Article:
Did I just thank you for my pending project involving a whole host of other tasks? I must be starting to get senile or something.LOL
  2. kaycountry1016
    Very nice!! You all did a great job on the coop and run; it's very attractive. Also I enjoyed reading and seeing photos of how you did it. I'm sure your girls enjoy their forever home. . Kay in NC.. .9.19.15
  3. AmberSD
    Thank you. I love the roof, too. The overhangs really make a difference in shading the coop and keeping it cool.
  4. 3baymares
    Gorgeous roof line!
  5. AmberSD
    Someone asked why I limed the walls... I limed the walls because I read how insects can not lay eggs on the limed walls because it is too alkaline, so it really cuts down on nasty, irritating bugs in the coop. And it looks nice, too!
    I will pass on the requests to Sonny, Connie and Allen... ha! They were incredible!
  6. Foxysadie
    May I please borrow your Uncle Sunny, Connie and Allen? Good Job, Guys!
  7. Purpletie3
    This is a great coop! I love it! So wonderful that something that your Grandfather had his hands on has been re-purposed and will live on for another 50-100 years!
  8. Justplainchickn
    Wow! Probably my favorite coop yet! You did a wonderful job...looks like a lot of hard work. Like the big run...and love the front porch. Cute name too. Enjoy your new coop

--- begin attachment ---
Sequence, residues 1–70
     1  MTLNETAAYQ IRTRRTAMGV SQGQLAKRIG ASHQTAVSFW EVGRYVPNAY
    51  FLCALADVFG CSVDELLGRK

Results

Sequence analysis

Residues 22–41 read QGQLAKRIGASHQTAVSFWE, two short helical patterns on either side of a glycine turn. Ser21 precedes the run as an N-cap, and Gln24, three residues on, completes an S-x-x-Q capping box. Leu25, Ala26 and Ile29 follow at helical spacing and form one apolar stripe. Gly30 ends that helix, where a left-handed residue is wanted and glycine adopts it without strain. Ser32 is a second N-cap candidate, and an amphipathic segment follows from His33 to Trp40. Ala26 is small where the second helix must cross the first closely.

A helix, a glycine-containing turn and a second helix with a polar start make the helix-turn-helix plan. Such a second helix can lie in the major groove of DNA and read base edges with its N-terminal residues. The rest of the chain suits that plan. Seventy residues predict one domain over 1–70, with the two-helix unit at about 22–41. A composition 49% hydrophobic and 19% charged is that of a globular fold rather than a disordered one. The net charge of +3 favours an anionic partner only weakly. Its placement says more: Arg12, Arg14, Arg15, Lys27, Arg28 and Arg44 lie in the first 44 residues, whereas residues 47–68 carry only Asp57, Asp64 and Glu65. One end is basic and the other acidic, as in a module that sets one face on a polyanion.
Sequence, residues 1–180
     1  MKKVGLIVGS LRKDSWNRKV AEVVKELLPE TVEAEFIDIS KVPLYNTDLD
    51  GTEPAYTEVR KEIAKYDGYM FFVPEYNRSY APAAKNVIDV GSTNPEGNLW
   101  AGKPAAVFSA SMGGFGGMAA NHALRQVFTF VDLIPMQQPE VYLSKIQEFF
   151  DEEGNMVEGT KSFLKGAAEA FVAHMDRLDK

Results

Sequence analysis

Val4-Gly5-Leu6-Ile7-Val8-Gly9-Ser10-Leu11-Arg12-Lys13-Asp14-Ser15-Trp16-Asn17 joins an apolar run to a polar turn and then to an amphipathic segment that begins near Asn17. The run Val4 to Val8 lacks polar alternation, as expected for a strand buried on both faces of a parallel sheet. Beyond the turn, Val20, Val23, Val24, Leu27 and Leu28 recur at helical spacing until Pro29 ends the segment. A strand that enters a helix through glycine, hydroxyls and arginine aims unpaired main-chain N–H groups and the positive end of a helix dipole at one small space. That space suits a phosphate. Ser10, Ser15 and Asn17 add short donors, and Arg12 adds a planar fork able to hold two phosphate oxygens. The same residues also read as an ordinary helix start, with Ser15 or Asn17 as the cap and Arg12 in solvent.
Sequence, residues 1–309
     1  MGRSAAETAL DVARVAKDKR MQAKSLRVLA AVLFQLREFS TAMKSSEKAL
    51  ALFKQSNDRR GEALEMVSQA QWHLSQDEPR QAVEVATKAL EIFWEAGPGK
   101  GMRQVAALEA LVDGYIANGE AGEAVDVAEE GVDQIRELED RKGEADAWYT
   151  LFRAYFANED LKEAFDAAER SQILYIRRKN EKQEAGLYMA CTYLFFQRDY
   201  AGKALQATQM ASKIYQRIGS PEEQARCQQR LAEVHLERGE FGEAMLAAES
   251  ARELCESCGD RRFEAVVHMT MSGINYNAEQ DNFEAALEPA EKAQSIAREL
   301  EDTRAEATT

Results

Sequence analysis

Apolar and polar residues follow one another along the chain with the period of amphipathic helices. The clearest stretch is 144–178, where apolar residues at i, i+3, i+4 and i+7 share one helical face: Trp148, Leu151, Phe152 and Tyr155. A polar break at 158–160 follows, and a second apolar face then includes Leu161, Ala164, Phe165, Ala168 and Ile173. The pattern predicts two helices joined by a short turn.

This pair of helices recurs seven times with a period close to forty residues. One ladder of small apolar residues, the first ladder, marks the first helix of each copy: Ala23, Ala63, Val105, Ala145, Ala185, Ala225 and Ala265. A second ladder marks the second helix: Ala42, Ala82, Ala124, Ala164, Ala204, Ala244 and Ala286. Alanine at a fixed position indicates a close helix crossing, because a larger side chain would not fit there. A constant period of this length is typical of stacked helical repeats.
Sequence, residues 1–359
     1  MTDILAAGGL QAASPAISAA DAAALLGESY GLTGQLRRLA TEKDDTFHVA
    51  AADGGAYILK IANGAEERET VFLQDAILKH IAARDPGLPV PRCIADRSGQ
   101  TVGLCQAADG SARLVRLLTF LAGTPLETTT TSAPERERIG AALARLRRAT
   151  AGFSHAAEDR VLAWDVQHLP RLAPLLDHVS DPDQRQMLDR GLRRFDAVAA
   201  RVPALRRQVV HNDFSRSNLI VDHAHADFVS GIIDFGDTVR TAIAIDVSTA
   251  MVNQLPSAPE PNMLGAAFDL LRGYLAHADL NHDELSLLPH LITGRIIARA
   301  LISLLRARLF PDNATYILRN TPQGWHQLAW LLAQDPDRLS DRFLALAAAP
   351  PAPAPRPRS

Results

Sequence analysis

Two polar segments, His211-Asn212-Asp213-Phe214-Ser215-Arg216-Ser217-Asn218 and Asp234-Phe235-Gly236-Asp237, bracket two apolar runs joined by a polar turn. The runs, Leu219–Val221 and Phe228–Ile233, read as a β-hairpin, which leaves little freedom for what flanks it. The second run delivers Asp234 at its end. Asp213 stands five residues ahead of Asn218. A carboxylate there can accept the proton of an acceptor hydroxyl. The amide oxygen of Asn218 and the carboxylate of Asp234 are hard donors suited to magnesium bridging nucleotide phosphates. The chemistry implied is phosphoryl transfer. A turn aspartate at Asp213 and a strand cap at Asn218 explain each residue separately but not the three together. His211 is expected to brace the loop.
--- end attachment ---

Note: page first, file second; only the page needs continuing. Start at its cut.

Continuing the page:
9. AmberSD
    CBabs, I spent an additional $965 on lumber for the coop and run. That is for the 2x4s, 2x6s, 1x12s for the eaves to be closed up, 2x12s for the steps/stringers, 2x2s to make the windows, plywood for the floor and poop boards, osb for the outside walls and roof, caulk, drip edge plus some of the hinges, roofing nails and roofing felt. I spent some more for the hardware cloth and cedar shingles, but I don't have that cost handy. Hardware cloth is expensive, but I got it on sale and saved a lot, but it is worth the cost for predator protection.The hardware cloth would vary on how big your run would be, so you can kind of plan for that. There were screws and washers for a little added expense, too. The lime for the lime wash was under $10 for a big bag that will last me a lifetime, and I will probably leave the remainder to someone in my will. :) If I have forgotten anything, let me know and I'll do my best to run down an answer for you.
  10. Cluckies
    Great job! Looks wonderful!

BackYard Chickens is proudly sponsored by